The Unjaded: Matt Eastwood

Industry veterans who have “seen it all” speak on what impresses them in the jury room

In a world where every blockbuster movie is a sequel, and memes grind a 15 minutes of fame moment into a fine powder, it’s difficult to be truly new and unique. And when you work in advertising and design, the challenge to not have a ‘me too!’ concept that still resonates with audiences is a taxing struggle.This makes hitting that ever-elusive home run and earning top honors that much sweeter.

As the judging for the 2017 One Show and the ADC 96th Annual Awards unfolds in Bermuda these next several days, we will be catching up with esteemed jury members to find out what excites them after all these years, both in their careers and in the jury room.

1865_matt-eastwoodMatt Eastwood
Global CCO, J. Walter Thompson
2017 One Show Film Jury
Years in the industry: 30


Most kids want to grow up to become doctors or astronauts. When did the advertising bug bite you?

I knew quite early on in my life that I wanted to be in advertising. I know it sounds lame, but I used to watch Darrin Stephens on Bewitched and I thought “that looks like a really cool job, always coming up with new concepts and ideas.” I investigated a little more, and I’d say that I was about 13 years old when I knew that I wanted to be in advertising. I went after that goal, and by the time I was 20 I finally started working in an agency.

They say you always remember your first time. Can you recall the first industry award you ever won?

I remember my first major one, which sort of set the tone for others to follow. I was 23, and I won Commercial of the Year at the Perth Art Directors Club Awards. That honor led to a job offer in Sydney, so I moved there, and that really got things moving in regards to my career.

When judging the 2017 One Show, you’re looking at pieces of work that couldn’t have possibly existed when you were first making strides in the advertising industry. How can you judge something that’s so far beyond what you even dreamed possible for most of your career? To put it bluntly: what do you know, old man?

(laughs) I think the key to being able to understand the work in the world today is that you must remain curious. You must be interested in what’s happening in technology, in society. That’s always been the case, but even more so in the last ten years. If there is something you don’t understand, you must be willing to learn and investigate in order to stay on top of things.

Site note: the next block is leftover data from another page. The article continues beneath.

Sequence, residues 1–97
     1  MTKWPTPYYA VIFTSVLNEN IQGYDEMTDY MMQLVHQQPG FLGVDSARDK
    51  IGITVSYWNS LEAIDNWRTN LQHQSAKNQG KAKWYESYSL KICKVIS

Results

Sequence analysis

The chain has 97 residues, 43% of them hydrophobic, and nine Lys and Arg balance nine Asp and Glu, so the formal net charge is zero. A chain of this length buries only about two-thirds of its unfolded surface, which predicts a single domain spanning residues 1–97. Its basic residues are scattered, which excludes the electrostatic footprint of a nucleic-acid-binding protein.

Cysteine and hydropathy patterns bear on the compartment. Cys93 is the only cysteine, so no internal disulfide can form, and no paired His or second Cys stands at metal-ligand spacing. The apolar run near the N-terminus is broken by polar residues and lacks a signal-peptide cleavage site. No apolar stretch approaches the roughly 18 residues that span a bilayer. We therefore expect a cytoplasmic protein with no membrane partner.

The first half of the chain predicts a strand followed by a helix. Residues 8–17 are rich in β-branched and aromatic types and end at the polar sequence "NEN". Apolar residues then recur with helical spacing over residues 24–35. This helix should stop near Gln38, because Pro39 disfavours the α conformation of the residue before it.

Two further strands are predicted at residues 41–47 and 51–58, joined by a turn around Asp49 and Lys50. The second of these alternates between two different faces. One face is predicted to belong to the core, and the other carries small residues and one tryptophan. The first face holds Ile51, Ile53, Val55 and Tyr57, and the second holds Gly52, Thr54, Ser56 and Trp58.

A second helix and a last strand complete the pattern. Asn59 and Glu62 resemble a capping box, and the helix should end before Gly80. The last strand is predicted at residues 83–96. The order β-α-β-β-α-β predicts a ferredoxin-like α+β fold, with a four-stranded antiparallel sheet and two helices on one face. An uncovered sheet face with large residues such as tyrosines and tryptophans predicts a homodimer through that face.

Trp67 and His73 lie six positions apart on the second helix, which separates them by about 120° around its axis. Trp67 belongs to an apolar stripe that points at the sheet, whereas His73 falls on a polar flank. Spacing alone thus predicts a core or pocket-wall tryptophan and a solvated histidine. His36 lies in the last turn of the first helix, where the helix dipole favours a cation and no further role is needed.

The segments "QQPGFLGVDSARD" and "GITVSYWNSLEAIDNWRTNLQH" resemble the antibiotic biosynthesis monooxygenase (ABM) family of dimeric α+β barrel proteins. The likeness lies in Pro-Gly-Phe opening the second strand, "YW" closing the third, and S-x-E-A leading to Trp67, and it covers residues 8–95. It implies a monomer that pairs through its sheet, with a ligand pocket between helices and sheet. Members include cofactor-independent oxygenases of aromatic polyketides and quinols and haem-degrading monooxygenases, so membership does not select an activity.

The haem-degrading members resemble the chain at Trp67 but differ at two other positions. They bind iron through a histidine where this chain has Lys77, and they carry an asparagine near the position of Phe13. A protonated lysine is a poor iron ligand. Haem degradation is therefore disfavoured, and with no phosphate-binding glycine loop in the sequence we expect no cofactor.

I remember back to when digital creativity was emerging. I didn’t fully get what was going on, so I researched and built myself a website. I find that you have just jump in and try all of the new technologies and mediums out there, whether or not you end up using them and making them part of your repertoire.

On the flipside, name something that is as true today as it was 30 years ago when you were first breaking in?

The one truism is that work must still be centered around a real human insight. If you let technology lead the way, the idea will lack purpose. If humanity leads, the technology can support the idea.

Some say that judging award shows have lost a bit of luster, due to the fact that all the great work has already been shared across everyone’s social feeds. What do you think?

It’s funny, because you come here thinking you’ve seen all of the best entries before you’ve arrived, and there are always some amazing submissions that are new to you, particularly from countries and markets that you don’t frequent. The industry has more than a few tricks up its sleeve, and it’s nice to be truly surprised in the jury room. It’s the perfect antidote to cynicism!

The 2017 One Show and ADC 96th Annual Awards will be presented during Creative Week, May 8–12, 2017.

TICKETS & INFO